7) Playing with Chords
Earlier, we looked at how chords are constructed, and then examined some of the most useful chord types. This tutorial covers the practical issues that arise when we play chords in a real musical setting.
Musical instruments can be broadly divided into monophonic instruments, which can play only one note at a time, and polyphonic instruments, which can play several notes at a time.
Some examples of each type are listed below. Classical string instruments such as the violin are usually monophonic, although they can play two notes at once at a pinch.
Monophonic instruments can only play chords in a group setting, such as an ensemble or an orchestra, where each instrument would play one of the notes of the chord.
Polyphonic instruments can play chords entirely on their own, but they often do not have the freedom to play them in exactly the way they were presented earlier.
For example, chords on the piano are usually played with one hand (while the other hand plays the melody), so only five fingers are available for chords. Instruments such as the ukulele are even more restrictive, since they only have four strings in total.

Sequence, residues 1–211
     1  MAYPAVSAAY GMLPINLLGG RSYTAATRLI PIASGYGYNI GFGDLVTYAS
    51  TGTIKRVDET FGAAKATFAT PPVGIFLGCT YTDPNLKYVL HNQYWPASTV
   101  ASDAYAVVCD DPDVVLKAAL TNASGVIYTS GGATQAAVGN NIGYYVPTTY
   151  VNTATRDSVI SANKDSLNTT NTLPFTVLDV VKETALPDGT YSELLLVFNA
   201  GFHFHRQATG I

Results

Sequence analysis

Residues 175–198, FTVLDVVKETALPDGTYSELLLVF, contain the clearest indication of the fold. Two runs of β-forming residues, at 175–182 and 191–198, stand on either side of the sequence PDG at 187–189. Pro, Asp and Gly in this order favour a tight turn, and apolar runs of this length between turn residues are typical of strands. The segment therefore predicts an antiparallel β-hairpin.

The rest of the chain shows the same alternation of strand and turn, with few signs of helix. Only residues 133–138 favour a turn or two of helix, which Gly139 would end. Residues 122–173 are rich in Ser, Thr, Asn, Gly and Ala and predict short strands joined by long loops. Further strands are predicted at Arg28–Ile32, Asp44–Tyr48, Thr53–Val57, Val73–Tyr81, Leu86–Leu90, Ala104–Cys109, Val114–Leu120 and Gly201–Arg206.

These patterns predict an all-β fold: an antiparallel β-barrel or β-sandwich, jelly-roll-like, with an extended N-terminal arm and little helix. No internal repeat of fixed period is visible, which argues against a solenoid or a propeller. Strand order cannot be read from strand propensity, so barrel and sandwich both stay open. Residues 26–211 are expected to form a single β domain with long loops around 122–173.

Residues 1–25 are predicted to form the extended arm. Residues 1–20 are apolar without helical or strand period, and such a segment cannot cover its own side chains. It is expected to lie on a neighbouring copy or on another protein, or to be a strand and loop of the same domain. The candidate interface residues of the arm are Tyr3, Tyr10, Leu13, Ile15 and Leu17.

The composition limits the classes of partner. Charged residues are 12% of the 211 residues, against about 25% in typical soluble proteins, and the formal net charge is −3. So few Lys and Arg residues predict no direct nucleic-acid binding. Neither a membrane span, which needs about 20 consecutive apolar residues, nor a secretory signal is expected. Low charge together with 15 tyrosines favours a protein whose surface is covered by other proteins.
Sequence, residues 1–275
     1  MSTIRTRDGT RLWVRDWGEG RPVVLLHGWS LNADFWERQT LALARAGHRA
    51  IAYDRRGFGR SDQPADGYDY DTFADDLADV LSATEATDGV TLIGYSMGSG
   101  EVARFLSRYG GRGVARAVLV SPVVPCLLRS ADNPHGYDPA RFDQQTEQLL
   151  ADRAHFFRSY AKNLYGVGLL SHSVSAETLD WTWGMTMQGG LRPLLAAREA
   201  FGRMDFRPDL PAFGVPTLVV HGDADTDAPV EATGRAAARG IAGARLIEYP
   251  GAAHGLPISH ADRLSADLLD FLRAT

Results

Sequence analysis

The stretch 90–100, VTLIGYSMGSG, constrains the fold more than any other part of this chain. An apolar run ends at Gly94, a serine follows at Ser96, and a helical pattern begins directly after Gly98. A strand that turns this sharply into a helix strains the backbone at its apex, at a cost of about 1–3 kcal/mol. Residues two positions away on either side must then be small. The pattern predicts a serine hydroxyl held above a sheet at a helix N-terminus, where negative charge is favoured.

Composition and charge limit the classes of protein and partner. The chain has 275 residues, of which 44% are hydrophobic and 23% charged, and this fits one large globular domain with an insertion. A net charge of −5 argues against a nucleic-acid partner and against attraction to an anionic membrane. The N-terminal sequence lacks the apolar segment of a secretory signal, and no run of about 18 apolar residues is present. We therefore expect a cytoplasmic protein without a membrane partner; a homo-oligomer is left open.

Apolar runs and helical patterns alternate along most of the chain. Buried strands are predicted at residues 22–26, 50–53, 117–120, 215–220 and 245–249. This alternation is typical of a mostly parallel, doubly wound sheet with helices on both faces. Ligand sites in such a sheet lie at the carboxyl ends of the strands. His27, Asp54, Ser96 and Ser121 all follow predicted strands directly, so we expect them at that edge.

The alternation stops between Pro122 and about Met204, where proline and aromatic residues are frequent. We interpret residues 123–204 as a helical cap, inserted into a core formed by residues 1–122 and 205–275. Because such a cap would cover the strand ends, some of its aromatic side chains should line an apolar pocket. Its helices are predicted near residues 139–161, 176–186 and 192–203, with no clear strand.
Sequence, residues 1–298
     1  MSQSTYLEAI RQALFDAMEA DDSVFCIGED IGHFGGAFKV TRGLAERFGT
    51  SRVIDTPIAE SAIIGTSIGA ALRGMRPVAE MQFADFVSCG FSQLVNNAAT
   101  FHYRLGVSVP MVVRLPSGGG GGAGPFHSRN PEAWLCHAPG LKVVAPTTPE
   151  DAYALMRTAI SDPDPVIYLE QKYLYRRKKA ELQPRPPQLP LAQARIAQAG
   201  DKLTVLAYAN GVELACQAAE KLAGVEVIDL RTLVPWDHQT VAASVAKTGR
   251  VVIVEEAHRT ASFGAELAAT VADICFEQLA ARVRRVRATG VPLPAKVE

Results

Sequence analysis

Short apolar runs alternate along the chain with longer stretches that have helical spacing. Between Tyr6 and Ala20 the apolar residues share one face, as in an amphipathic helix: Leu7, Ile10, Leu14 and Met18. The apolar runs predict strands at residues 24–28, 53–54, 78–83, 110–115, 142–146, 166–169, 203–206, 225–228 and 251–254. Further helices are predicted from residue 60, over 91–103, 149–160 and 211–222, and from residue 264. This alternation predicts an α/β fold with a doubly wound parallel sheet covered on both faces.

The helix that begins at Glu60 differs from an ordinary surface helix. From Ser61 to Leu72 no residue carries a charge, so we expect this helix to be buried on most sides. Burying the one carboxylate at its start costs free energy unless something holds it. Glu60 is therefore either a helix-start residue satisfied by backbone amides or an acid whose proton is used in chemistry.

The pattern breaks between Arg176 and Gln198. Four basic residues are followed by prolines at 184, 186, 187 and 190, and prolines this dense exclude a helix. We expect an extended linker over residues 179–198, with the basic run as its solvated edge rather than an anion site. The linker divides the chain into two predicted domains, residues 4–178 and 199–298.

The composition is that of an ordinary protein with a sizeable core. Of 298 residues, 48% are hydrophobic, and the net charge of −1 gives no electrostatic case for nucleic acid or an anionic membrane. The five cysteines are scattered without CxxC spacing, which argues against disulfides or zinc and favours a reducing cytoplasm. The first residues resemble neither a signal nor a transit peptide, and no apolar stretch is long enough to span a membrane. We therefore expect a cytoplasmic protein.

To play five- or six-note chords (such as maj9 or m11) on these instruments, a compromise must be made by leaving out one (or more) of its notes.
Chords are often rearranged in other ways to suit particular instruments, or a particular piece of music, even with ensembles of monophonic instruments. We will look at each of these cases in turn.
Most ChordWizard products contain a collection of standard chord types, including those in this topic, and provide powerful tools for working with chords of all types.
These include tools for exploring how chords are played on your instrument, identifying the names of chords you have discovered, and printing chord book reports.